Shadows and Faces (Gölgeler ve suretler)

During the decades before 1963, in Cyprus, under British rule, there existed a somewhat peaceful coexistence between its Greek Cypriot majority and Turkish Cypriot minority. This peace fell apart when the English decided to give the island its independence and outside forces (Greece and Turkey) tried to control the island and its politics. The plight of the minority Turkish Cypriots during this time of turmoil is told in “Shadows and Faces.”

Laura's Review: B-

In 1955, Greek Cypriots unified for armed struggle for union with Greece, but the Turks who also inhabited the British ruled island were threatened, beginning a long struggle between the two peoples. When Ruhsar (Hazar Ergüclü), a Turk, is separated from her father Hristo, a Karagöz shadow play master (Konstantinos Gavriel, the Turkish Zero Mostel), she must learn to distinguish between "Shadows and Faces." ("Gölgeler ve suretler") Turkish Cypriot writer/director Dervis Zaim illustrates the conflicts of his homeland through the fictional tale of how the actions of Veli (Osman Alkas), Hristo's brother, and his friend Anna (Popi Avraam), a sympathetic Greek woman, spark a far reaching and deadly conflict. For those who know little about Cyprus, Zaim helpfully provides a brief current history before beginning his action. The film works as an introduction to the Greek/Turkish conflict and Zaim knows how to construct a powder keg and set it off, but his overt symbolism and 'Romeo and Juliet' subplotting around the character of Ruhsar are all too obvious and cliched. Still, if Zaim is determined use his shadow puppet master to represent political shadings, one must admire his technique using light and shadow.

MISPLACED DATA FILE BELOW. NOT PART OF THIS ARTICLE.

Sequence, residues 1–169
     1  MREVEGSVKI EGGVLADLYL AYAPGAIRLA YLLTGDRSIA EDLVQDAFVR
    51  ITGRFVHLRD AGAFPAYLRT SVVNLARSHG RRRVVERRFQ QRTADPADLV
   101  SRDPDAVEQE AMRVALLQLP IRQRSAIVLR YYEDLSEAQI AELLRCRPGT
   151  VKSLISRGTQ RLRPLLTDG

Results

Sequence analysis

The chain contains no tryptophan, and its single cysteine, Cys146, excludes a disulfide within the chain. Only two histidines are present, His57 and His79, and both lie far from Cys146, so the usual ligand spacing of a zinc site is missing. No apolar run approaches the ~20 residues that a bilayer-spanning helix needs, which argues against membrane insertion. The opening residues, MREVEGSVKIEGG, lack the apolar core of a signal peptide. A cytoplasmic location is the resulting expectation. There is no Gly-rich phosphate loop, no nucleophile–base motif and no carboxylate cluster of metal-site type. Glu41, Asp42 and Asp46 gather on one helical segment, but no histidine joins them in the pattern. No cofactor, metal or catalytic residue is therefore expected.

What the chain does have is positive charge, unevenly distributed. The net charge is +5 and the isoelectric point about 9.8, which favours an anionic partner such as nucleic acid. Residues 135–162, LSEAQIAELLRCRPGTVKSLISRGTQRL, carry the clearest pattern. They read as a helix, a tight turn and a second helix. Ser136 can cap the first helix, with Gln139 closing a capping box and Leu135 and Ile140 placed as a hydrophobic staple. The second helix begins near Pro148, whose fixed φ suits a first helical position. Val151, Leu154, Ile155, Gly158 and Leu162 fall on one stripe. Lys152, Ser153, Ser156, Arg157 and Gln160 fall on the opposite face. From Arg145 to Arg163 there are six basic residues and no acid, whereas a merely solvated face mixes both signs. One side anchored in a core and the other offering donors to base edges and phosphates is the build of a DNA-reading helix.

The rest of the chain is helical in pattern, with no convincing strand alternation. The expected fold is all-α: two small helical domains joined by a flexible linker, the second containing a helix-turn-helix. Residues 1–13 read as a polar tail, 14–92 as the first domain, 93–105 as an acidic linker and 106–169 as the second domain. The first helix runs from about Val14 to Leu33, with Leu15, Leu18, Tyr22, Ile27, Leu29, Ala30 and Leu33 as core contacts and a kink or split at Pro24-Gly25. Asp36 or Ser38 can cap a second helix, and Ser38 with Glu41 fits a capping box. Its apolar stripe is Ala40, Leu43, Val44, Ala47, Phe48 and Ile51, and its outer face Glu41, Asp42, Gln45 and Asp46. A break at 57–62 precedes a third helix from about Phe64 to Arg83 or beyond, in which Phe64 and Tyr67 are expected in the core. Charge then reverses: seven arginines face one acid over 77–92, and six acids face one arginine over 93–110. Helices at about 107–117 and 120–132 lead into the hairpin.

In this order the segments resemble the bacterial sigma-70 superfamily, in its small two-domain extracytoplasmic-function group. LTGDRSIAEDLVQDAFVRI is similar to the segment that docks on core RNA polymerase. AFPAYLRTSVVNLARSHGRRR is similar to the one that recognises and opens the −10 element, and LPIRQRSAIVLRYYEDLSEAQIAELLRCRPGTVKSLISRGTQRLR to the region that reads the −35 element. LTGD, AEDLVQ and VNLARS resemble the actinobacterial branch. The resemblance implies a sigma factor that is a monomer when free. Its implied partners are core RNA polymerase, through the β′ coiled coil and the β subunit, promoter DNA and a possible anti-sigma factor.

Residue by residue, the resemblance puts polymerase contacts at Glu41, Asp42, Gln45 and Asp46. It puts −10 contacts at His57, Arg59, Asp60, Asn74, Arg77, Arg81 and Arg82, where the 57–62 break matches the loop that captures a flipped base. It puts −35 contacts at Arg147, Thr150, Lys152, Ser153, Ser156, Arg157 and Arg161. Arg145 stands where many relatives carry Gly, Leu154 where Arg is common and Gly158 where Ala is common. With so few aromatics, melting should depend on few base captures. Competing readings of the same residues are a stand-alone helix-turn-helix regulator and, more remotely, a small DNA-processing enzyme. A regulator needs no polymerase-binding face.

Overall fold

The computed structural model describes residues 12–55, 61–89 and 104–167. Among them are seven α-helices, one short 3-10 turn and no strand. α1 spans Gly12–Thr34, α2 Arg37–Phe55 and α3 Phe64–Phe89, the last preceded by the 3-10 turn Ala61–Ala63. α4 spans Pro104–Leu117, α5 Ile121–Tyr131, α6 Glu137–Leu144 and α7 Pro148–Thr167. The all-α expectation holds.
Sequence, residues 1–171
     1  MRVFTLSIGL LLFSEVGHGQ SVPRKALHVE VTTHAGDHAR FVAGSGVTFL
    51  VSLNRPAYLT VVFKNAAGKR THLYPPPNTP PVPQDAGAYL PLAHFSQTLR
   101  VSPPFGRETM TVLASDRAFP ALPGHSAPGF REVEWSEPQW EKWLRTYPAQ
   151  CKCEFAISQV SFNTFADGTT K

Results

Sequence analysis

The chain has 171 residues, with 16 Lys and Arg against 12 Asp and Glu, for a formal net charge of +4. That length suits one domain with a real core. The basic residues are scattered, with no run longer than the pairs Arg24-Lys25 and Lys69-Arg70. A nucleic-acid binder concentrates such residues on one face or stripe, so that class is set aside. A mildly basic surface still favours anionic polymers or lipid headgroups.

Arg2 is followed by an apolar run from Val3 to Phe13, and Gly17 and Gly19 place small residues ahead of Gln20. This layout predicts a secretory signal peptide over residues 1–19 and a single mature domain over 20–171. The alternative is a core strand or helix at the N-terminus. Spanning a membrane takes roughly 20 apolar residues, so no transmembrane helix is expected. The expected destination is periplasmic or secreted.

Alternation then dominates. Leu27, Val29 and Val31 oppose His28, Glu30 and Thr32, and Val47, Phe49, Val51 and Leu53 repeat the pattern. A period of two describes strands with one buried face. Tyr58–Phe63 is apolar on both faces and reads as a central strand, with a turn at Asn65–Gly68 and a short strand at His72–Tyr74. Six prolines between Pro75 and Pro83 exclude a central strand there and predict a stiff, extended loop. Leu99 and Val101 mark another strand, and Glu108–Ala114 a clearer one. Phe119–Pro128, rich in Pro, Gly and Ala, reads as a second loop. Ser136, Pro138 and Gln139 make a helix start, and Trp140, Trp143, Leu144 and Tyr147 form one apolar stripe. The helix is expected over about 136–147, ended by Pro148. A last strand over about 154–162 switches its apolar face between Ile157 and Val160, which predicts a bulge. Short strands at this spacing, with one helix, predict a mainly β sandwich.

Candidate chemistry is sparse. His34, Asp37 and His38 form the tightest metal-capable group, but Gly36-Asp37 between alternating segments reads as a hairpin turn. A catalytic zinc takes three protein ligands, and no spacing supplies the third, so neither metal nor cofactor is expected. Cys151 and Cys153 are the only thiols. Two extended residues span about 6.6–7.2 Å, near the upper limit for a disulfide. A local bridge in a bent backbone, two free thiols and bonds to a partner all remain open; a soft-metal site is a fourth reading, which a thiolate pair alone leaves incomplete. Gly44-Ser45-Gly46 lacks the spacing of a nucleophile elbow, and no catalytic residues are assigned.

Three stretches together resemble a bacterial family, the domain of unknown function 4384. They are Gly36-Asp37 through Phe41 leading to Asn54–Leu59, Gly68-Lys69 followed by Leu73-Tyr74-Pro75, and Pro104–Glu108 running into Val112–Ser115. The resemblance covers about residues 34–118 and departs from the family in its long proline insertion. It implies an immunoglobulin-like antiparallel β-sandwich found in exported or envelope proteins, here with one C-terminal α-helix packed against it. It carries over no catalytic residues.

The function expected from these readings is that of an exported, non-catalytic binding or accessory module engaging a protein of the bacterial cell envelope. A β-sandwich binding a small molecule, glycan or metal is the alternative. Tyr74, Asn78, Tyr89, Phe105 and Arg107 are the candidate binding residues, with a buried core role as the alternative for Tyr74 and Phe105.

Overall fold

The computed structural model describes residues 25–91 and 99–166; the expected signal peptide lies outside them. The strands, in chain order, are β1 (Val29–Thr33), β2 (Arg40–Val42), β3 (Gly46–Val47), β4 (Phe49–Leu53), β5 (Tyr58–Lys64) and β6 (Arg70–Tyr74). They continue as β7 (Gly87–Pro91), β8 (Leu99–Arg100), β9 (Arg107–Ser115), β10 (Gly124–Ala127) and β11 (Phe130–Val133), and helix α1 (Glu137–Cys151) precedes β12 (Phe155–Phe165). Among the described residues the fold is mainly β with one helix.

Robin's Review: B-

Cypriot writer-director Dervis Zaim shows the conflict through the eyes of a village elder Veli (Osman Alkas) as he tries to keep peace in his small community set upon by Greece-supported police. He is thwarted at every turn by the Greek outsiders and Vali must turn to a local Greek Cypriot leader for help to save his older diabetic brother and his daughter from the new oppression. The viewpoint, though, gives a lopsided look at the conflict. The Greeks range from good and upright to absolutely evil. The Turks, on the other hand, are uniformly good. The writer-director wears his Turkish Cypriot heart on his sleeve in his earnest telling of a pivotal moment in his country’s history. His view is biased but it is also an honest portrayal of people in time of conflict. The story is not familiar to most people – I was an adolescent American kid at that time so war, any war, was always fascinating reading – and is a good window into the time. Unfortunately, “Shadows and Faces” will have a limited audience and I doubt that the local megaplex will screen it any time soon.